The first of the Arts Appreciation Series at the Bangalore International Centre this year, the presentation on Monsoon Ragas in Hindustani classical music was well received amid light drizzle outside the auditorium. The focus of the programme was on the Malhar group of ragas.
Mowna introduced the Malhars, seasonal favourites, speaking about the most popular raags in the group – Miyan Malhar, Gaud Malhar and Megh Malhar. She went on to talk about Malhar ragas being used extensively in Bhakti Sangeet, often being named after the Bhakti poets – Meera, Sur and Ramdas.
The performance began with two compositions in Miyan Malhar – Barasana laagi badariya, a beautiful description of the rain and rolling clouds and Sanana meha, padata boon… a popular composition by Pt. Shankar Abhyankar. Using these as examples, Mowna went on to explain that Miyan Malhar could be likened to the breeze, just before a downpour. With the use of both nishaads, or the 6 th note, in succession, Miyan Malhar creates an effect of trees swaying in the breeze.
Raag Megh Malhar was presented next, introduced by an anecdote about Tansen’s ladylove invoking the power of the raag to douse Tansen’s body in rain and cool him after a court performance of the fiery raag Deepak. True to its name, Raag Megh Malhar brought thunder clouds rolling in and the two compositions Mowna presented described the effect perfectly – Garaja ghata Ghana kaari and Ma chamake bijure. The second composition also showcased the unusual Ada (meaning crooked) Chau Taal. With the slight twist of the taal, the piece was made very enjoyable, giving the audience a new perspective on taals.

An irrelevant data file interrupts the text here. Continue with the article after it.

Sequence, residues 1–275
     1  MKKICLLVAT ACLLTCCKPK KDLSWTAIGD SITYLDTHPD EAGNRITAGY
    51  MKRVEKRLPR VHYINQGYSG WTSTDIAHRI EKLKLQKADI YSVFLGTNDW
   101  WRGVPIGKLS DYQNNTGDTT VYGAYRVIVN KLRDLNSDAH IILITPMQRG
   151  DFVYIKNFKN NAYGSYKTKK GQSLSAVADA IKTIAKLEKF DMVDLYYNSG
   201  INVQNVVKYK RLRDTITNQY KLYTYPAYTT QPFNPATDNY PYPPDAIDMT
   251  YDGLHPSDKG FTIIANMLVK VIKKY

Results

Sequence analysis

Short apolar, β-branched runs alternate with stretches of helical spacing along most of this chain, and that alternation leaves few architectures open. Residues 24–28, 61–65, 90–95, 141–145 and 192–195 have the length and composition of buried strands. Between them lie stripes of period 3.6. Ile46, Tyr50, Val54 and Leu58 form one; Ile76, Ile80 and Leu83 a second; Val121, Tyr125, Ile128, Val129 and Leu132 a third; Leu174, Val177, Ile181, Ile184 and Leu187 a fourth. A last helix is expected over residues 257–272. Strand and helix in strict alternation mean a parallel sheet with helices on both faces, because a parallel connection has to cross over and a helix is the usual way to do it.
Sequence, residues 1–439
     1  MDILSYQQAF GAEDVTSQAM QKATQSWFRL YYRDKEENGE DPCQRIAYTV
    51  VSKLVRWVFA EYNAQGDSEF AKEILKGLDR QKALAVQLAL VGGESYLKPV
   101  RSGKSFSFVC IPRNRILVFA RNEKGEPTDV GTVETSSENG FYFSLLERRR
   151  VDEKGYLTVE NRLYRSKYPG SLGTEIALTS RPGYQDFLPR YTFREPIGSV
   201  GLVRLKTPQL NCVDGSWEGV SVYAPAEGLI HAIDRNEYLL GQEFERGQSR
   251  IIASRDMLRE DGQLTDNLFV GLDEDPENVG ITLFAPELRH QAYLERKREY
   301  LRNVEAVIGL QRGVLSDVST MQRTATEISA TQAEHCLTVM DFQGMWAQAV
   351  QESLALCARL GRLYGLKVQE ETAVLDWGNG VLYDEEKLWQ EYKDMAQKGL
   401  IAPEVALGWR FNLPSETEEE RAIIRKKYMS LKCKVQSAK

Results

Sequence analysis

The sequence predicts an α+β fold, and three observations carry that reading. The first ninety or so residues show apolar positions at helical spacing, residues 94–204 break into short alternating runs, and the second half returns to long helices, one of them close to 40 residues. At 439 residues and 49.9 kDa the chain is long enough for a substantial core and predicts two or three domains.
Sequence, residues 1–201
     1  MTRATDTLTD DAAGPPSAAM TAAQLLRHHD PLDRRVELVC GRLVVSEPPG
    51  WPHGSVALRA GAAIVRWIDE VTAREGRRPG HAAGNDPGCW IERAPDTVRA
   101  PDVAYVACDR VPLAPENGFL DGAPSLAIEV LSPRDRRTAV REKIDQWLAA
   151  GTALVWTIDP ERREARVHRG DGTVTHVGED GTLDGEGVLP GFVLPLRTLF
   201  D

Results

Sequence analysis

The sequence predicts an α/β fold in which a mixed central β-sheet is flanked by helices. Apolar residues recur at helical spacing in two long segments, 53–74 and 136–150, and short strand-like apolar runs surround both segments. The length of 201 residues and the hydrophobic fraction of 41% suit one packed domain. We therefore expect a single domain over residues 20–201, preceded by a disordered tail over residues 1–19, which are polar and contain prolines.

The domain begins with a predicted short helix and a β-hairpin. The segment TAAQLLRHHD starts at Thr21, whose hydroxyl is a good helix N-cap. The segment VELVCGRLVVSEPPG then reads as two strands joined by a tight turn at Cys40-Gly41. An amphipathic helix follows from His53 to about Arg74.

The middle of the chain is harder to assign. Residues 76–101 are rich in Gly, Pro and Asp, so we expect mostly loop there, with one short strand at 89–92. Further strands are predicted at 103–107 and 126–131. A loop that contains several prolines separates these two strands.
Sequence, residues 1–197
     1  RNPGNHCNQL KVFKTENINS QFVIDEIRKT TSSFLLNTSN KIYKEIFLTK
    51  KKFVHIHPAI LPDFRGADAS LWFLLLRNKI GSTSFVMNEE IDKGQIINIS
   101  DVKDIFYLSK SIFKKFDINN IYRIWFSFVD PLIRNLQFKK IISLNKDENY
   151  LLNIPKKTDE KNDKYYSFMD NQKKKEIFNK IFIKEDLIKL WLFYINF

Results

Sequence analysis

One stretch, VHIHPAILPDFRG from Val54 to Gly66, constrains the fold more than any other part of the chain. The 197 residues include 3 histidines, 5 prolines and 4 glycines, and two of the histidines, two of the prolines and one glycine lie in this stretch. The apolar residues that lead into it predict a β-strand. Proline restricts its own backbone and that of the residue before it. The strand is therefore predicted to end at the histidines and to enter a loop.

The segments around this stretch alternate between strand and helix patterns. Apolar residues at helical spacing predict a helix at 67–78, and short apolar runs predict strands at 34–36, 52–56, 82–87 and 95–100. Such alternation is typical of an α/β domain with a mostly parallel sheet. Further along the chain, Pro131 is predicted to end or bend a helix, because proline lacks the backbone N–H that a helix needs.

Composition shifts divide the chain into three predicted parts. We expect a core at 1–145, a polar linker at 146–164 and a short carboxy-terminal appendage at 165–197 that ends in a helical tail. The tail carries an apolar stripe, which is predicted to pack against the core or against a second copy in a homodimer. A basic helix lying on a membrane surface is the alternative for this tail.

Moving on from raag-based compositions, Mowna presented a piece in Raag Durga. Here, the lyrics were effective in creating the mood – Sakhi more rim-jhim badal garaje barse - lovers separated in the monsoon, their tears falling like raindrops. Raag Durga, like the Malhar raags, also uses the madhyam-rishab-pancham (4 th, 2 nd and 5 th note) combination but in a style patently different, creating yet another mood.
The evening was concluded with the performance of a ‘kajri’, a composition of light classical music, often used to describe the longing of a ‘sakhi’ for her lover as the black monsoon cloud hang in the skies. The kajri is especially symbolic of the monsoon – Saavan ki ritu aayi re sajaniya, peetam ghar nahi aaye.
Accompanied ably by Shri Ravikiran Nakod on tabla, Shri Satish Kolli on the harmonium and her student, Paromita De, Mowna’s lilting voice was a pleasure to listen to, her skill of ‘gamaks’ impressive and her exploration of each raag, informative.